and relieved the skirmishers of the Fifth Iowa. I deployed Company A on the left and Company B on the right of the main road leading to Iuka, holding Companies G and I as a reserve, under command of Captain Rice. I drove back the enemy's pickets without much firing, excepting on one occasion, when he had taken refuge in a house on the road, where a brisk skirmish ensued; but we soon forced him to leave his shelter, and continued to advance under a brisk fire. The enemy's cavalry attempted a charge, but, seeing me prepared to receive him with a reserve and flanking companies rallying, he promptly fell back. I again deployed and advanced, and soon came upon the main force, posted about 40 yards above a ridge, covered with timber and thick undergrowth, his artillery being in position int he road in front. A few shots were fired by my skirmishers, but the enemy held his fire. At this time I had advanced to the top of the ridge in the road and discovered the position of the enemy. At this instant Company B drew the fire of the whole rebel line on the right and fell back and rejoined the regiment. Company A rallied on the right, an captain Rice brought up his reserve, and after getting into position near the top of the ridge these companies gave him their entire fire, and almost instantly drew the fire of their artillery and two regiments of infantry. My troops were so protected by the ridge that their fire took no effect. I gave them a few more shots, when Captain Robinson reported the enemy flanking him on the left and Captain Rice discovered him on the right. Seeing our battery in position and line of battle formed in my rear I gave the order to retire, and soon after received orders to rejoin the regiment and await orders. Soon after rejoining the regiment Colonel Boomer went to the left, leaving Adjutant Schoenen and myself on the right. The battle soon opened with great fury. The four companies on the left, with the colors, were here detached by the colonel (as I afterwards learned) and moved forward, under his and Major Konieszeski's command, in support of the battery. I remained in position until the advance of the enemy had turned our left, which placed me and my right under a destructive cross-fire from the rear, left, and front. The battery had been carried, and one of the caissons came down on my left and threw that part of my line into confusion. Seeing that I was being flanked on the left and that it was impossible to rally the left of my line, which had become disordered, I ordered my command to fall back to the field a short distance below my first line. This movement was quickly executed and in good order, when I again formed in line of battle near the edge of timbers. I then, by order, moved back my line about 150 or 200 yards and took position on the right of the Tenth Missouri, awaiting the approach of the enemy, where I remained until the close of the engagement. I was ordered then to remain on arms, which I did until next morning. About 7 o'clock in the evening I was here rejoined by the remnants of Companies E, F, and H, bearing the colors, in charge of Lieutenant Wheeler and Lieutenant Charles F. Brown, regimental quartermaster. From the opening to the end of the engagement my command was constantly under a galling and destructive fire, and my loss in killed and wounded was severe.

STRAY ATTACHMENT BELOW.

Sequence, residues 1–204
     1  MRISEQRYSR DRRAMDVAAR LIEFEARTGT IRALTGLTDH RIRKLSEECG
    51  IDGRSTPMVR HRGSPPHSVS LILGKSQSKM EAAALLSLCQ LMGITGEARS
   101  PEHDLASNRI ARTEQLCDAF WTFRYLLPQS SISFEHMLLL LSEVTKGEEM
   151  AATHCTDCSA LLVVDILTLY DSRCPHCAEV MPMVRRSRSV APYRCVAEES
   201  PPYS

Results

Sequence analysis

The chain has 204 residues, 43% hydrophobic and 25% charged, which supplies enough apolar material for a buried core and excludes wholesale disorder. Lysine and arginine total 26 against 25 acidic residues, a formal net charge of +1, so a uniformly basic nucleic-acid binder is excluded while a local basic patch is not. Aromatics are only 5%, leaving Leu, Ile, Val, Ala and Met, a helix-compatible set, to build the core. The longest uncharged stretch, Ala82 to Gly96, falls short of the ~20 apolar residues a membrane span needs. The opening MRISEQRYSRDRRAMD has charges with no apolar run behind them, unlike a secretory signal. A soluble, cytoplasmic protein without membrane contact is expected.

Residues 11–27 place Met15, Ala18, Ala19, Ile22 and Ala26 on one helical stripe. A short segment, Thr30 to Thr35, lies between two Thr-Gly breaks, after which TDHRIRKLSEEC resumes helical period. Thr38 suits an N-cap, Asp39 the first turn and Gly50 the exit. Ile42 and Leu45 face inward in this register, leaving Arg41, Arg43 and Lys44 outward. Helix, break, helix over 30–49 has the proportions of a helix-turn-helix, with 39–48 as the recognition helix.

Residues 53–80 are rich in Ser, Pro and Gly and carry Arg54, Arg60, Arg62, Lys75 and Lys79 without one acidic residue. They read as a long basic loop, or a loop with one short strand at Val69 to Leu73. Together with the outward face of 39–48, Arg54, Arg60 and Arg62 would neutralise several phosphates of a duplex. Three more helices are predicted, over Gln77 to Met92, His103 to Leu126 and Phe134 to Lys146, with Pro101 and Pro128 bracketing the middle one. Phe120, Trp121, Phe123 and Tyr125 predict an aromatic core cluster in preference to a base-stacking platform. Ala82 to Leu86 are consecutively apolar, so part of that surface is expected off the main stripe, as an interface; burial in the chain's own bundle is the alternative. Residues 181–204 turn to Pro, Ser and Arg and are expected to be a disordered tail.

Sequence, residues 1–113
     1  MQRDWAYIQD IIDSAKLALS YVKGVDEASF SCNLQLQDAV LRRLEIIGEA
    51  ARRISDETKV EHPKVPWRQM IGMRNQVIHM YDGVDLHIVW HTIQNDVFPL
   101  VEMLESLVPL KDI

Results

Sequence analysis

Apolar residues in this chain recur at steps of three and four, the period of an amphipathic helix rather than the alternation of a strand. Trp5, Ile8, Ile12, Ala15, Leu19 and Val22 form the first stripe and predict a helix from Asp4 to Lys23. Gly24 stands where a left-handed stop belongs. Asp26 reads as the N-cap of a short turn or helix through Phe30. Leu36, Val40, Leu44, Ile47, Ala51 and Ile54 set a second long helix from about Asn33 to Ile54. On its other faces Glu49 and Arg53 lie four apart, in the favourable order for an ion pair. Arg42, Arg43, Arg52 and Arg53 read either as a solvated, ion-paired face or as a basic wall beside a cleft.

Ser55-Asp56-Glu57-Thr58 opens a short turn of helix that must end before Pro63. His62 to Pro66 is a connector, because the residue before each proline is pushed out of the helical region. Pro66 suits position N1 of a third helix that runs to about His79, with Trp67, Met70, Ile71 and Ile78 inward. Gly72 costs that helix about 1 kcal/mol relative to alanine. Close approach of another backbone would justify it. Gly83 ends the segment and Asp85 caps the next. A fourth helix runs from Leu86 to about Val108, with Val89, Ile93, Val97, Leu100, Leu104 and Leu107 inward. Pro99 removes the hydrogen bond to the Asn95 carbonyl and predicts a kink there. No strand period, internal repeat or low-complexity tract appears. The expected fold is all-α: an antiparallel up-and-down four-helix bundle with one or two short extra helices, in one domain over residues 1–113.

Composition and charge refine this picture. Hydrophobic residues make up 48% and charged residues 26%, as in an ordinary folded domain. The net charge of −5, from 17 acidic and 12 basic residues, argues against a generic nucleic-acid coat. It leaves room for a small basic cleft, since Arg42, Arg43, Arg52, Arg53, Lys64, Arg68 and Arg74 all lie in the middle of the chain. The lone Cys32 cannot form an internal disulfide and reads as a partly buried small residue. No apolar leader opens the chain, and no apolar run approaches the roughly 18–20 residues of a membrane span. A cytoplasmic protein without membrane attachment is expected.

Permit me further to report that the officers and men under my command, with scarcely an exception, during the whole engagement conducted themselves with rare coolness and true soldierly bearing; but Capts. John Welker, T. M. Rice, and William M. Robinson, and Lieutenant F. G. Schoenen, acting adjutant, and Lieutenant C. F. Brown, regimental quartermaster, with many others, are deserving a special notice. Their conduct was truly brave, gallant, and noble. If space would